As many Caro games do, this one came down to pressure on the c file and White’s inability to counter it. Here is the position I’ll start the analysis from, everything before was decent opening play.

1. e4 c6 2. Nf3 d5 3. exd5 cxd5 4. d4 Bf5 5. Bd3 Bxd3 6. Qxd3 e6 7. O-O Nc6 8. Nc3 Bd6 9. a3 a6 10. Be3 Qc7 11. Rfe1 Nge7 12. b4 O-O 13. Ne2 b5 14. Ng3

You can already see how easy it can be to play against the backwards c pawn. It’s also possible to play a knight route like c8-b6-c4 and have a strong knight outpost. All of my games come down to a fight on the Queen side and it tends to feel like White has the only major weakness there.

14… Bxg3 15. fxg3 Rac8 16. Bf4 Qd7 17. Ne5

White made the first major mistake with Ne5. After Nxe5 dxe5 I am able to pressure c2 with tempo after Qc6and begin to stack all three major pieces against it. By taking with the pawn the bishop on f4 becomes much worse for the time being also. Nf5 is also a threat eyeing the isolated d pawn.

17… Nxe5 18. dxe5 Qc6 19. Re2 Rc7 20. Rc1 Rfc8 21. Bg5 Nf5 22. Bf4 Qc4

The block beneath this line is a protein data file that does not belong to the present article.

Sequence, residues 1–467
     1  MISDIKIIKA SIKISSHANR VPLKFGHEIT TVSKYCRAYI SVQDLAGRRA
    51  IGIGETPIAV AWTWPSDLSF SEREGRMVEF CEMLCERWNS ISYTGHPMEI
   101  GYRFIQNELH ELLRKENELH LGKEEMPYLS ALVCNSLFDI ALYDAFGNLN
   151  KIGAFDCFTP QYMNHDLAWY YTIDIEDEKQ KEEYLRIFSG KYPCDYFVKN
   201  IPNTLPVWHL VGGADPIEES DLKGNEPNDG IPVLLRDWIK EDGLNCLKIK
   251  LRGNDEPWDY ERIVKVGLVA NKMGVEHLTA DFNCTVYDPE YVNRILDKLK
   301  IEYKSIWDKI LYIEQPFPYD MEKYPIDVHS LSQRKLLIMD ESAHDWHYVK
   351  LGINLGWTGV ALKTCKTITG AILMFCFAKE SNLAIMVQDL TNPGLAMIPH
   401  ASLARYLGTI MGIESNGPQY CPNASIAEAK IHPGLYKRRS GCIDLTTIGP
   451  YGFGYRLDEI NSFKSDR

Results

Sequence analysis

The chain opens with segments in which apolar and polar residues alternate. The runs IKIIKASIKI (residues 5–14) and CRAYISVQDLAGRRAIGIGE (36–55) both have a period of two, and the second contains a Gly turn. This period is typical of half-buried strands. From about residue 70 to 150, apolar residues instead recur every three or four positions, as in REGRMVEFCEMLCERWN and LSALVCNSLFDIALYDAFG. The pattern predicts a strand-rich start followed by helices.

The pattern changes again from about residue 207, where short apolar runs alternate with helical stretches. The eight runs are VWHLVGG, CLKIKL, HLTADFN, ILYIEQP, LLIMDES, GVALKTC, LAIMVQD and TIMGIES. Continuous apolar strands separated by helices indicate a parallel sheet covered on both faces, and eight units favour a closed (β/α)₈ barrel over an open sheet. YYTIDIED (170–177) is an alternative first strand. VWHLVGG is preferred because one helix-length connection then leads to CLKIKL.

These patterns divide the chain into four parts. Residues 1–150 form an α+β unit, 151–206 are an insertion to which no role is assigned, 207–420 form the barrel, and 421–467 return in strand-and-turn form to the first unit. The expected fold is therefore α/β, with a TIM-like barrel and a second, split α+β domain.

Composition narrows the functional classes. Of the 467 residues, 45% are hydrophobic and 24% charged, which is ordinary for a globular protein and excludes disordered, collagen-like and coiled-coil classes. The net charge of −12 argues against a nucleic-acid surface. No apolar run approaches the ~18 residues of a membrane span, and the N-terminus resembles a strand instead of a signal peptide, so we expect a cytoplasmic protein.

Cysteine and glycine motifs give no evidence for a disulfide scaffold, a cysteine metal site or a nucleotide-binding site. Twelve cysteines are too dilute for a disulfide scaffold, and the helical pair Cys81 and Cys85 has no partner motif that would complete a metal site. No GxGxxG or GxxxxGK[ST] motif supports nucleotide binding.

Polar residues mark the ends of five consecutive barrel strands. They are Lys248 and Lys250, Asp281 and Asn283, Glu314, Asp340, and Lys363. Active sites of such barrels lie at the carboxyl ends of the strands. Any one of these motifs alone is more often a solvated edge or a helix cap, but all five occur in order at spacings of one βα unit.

Here White has a few options as the c pawn isn’t immediately under threat but they must be careful. If they allow Qxd3 cxd3 then Rxc1 and the knight is still threatening to come to d4 and add a 4th attacker to the c pawn. With the pressure White swaps Queens off which is a safer move but I still maintain a -3 advantage. The problem being the same as before Qxc4 Rxc4 and then Nd4 comes with the triple attack on the c2 pawn and tempo on the rook.

25. Qxc4 Rxc4 24. h4 Nd4

Once the rooks come off and the pawn falls the position is as follows below, the position is lost for White since the center pawn control prevents their King from getting to my back line to find counter play. After this it’s just a matter of pushing forward and cutting the White King off while I creep on the Queen side.

25. Rf2 Rxc2 26. Rcxc2 Rxc2 27. Rxc2 Nxc2 28. Bc1 f6 29. exf6 gxf6 30. Kf2 Kf7 31. Ke2 e5 32. Kd3 Nd4 33. Bb2 Nc6 34. g4 Ke6